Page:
9 reasons why 'Two and a Half Men' needs Charlie Sheen
It’s no secret that Charlie Sheen is open to returning to his former hit sitcom, “Two and a Half Men.” He said as much when he appeared on “The Late Show with David Letterman” in January, telling the host he’d actually like to come back as bachelor Charlie Harper whenever the comedy takes its final bow.
Given that “Men” got the go-ahead for an eleventh season on April 26, that swan song obviously won’t be taking place anytime soon. But that affords the show’s writers plenty of time to come up with a way to bring Charlie’s return to fruition. (After all, they did kill off his character after the actor’s very public spat with show boss Chuck Lorre.)
While they consider the possibilities, we’ve got a few reasons why it wouldn’t be a bad idea to have the actor back for more than just the series finale.
Kathy Bates looks nothing like Charlie Sheen.
Not that the talented Ms. Bates didn’t do everything within her power to channel Charlie Harper when she stepped into his shoes early in season 10 to play his spirit, but, c’mon, really? Nice try, but no dice. If anyone’s going to embody the spirit of Charlie Harper, it’s got to be the man who originated the role.
The old 'Has anyone ever told you that you look just like ...?' gag is always funny.
Not that the series hasn’t been guilty of recycling before, but having already done the Charlie’s-spirit-returns story line, Sheen could come back and play a different character altogether, with shenanigans ensuing whenever someone mistakes him for Charlie Harper. Bonus: a possible tie-in with CBS’s occasional reality series, "I Get That a Lot."
Everybody loves a drunk. And a Casanova.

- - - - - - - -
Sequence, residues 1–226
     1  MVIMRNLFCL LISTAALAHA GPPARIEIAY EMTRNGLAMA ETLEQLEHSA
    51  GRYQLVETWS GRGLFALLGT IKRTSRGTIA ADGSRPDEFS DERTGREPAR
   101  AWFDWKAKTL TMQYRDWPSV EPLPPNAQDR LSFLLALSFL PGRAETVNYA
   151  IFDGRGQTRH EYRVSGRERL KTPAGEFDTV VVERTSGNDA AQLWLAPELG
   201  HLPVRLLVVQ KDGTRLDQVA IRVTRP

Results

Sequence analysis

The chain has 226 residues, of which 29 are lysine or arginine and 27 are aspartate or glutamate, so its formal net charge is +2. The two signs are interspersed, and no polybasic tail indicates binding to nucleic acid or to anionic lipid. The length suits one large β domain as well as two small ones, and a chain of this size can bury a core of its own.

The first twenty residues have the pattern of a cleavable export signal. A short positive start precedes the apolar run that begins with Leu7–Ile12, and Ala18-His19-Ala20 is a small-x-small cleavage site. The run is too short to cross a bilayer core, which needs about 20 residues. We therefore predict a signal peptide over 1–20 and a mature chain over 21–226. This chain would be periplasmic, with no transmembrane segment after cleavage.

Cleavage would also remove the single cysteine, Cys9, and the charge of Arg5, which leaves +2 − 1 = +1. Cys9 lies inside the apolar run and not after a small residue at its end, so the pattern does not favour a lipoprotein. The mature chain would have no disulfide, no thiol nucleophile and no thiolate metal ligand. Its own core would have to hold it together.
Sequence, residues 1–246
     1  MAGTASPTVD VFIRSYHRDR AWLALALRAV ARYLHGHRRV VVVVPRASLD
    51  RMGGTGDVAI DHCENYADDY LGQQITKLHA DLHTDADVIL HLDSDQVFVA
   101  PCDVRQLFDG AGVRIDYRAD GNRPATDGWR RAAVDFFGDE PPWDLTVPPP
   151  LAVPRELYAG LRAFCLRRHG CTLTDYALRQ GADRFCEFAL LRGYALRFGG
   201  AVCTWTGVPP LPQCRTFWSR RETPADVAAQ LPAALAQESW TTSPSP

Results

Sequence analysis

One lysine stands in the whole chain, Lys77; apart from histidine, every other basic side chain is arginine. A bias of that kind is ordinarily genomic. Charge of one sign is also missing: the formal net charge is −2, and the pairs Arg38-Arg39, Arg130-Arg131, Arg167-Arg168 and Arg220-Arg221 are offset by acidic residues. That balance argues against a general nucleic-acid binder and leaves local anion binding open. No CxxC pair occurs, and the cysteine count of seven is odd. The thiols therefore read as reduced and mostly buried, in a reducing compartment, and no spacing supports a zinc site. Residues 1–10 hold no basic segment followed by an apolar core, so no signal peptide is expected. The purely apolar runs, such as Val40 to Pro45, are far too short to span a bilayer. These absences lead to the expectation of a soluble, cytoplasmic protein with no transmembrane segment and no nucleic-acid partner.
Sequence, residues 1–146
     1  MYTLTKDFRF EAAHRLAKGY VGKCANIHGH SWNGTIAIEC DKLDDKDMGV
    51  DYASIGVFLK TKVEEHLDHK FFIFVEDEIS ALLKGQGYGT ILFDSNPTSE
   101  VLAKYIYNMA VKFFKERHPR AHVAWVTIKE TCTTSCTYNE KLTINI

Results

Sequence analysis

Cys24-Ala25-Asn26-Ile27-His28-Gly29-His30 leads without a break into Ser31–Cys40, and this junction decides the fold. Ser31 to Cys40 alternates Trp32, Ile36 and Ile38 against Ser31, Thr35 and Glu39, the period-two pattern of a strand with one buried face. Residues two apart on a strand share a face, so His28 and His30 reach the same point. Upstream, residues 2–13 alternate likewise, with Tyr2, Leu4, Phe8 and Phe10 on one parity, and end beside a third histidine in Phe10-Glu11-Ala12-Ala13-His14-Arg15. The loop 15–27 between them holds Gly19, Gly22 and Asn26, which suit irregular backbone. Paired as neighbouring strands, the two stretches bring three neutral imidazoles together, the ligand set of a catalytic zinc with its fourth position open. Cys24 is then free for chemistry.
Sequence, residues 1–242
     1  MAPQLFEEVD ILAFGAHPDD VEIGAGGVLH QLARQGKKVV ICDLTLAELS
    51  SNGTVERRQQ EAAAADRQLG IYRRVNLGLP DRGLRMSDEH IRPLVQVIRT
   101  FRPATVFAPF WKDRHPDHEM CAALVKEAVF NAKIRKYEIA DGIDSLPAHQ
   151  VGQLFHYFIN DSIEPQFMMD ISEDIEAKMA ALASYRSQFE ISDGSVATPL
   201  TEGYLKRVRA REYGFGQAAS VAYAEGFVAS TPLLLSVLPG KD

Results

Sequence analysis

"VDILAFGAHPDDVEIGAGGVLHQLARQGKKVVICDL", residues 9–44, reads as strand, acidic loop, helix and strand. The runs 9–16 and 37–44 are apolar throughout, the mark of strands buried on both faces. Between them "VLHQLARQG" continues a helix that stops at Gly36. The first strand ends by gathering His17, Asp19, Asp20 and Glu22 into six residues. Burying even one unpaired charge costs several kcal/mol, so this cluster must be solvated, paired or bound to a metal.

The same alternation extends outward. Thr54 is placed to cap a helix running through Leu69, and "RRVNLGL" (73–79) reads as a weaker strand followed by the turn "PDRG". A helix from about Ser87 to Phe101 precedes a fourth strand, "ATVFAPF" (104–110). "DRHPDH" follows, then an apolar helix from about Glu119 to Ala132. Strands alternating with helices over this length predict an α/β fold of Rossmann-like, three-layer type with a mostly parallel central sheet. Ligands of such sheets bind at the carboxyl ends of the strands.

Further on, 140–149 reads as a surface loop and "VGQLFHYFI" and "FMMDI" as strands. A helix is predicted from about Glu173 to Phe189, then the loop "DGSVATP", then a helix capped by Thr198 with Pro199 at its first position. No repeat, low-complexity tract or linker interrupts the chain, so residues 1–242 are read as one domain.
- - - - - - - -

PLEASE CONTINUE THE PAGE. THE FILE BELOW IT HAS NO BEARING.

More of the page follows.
Not that we’re encouraging alcoholism or promiscuity, nor do we want to put Sheen in a position where he’s imitating behavior onscreen that played a role in his personal downfall in the first place, but ... well, we don’t know how to finish that sentence. Maybe it’s because of all the experience he brings to the table, but Sheen played those particular tendencies to comedic perfection, and the show hasn’t been the same without his take on them.
Less need for feeble excuses to bring in Charlie’s exes, old pharmacist, or anyone else heused to know.
Right now, bringing in someone like, say, Martin Mull, who played the pharmacist, feels like the desperate act of a show trying to rekindle brief moments from its glory days. Pretending that rumors of Charlie’s death have been greatly exaggerated would instantly allow for anyone who’s ever had a connection to him to return for a guest spot without it feeling like quite so much of a stretch.
Better use of Charlie Sheen again.
You can’t say "Anger Management" executive producer Bruce Helford hasn’t been giving it the old college try, but more often than not, Sheen's new vehicle on FX isn't giving him the chance to bring his A game.
Better story lines and character interaction all around.
One wouldn’t think the show would need a creative kick in the butt so soon after bringing in Ashton Kutcher to play Alan’s new roommate, naïve Internet billionaire Walden Schmidt, but everything feels so forced now. (OK, so it sometimes felt forced before.) As soon as Sheen stepped out of the picture, the family dynamic that drove the show began to flounder and fall apart, putting an utterly unrelatable character — yes, we’re talking about you, Mr. Internet Billionaire — at the center of too many episodes. While a Sheen return might not fix everything that’s wrong with the sitcom, it’s hard to envision a scenario where the writers wouldn’t be reinvigorated by the challenge of re-incorporating the actor.
The Sheen/Cryer chemistry was unmatched.
No matter what's gone on in the past, the onscreen interaction between Sheen and "Men" star Jon Cryer is always going to be miles better than the new Cryer/Kutcher combo. You can call the comedy lowbrow, but you can’t say the two original "Men" didn’t play off each other well.
Someone needs to take Kutcher down a peg anyway.
Seriously, what kind of world do we live in where anyone gets a reported $700,000 an episode to appear on a TV series, particularly one that’s going into its eleventh season?
For all of Sheen's sins — and there were plenty of them — the actor isn't going to find total salvation until he’s able to deliver a proper goodbye to the series. The man has come a long way since his public meltdown, and whether it’s for another season or just a single episode, he deserves the opportunity to bid adieu to “Two and a Half Men.”
All CBS has to do is give him one more chance.
The season finale of "Two and a Half Men" airs Thursday night at 8:30 p.m.